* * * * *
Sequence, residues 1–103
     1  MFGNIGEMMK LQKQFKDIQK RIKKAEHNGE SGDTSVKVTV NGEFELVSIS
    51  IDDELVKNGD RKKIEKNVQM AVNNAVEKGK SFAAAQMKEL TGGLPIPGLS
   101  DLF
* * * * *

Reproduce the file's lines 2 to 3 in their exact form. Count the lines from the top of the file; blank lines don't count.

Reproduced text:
     1  MFGNIGEMMK LQKQFKDIQK RIKKAEHNGE SGDTSVKVTV NGEFELVSIS
    51  IDDELVKNGD RKKIEKNVQM AVNNAVEKGK SFAAAQMKEL TGGLPIPGLS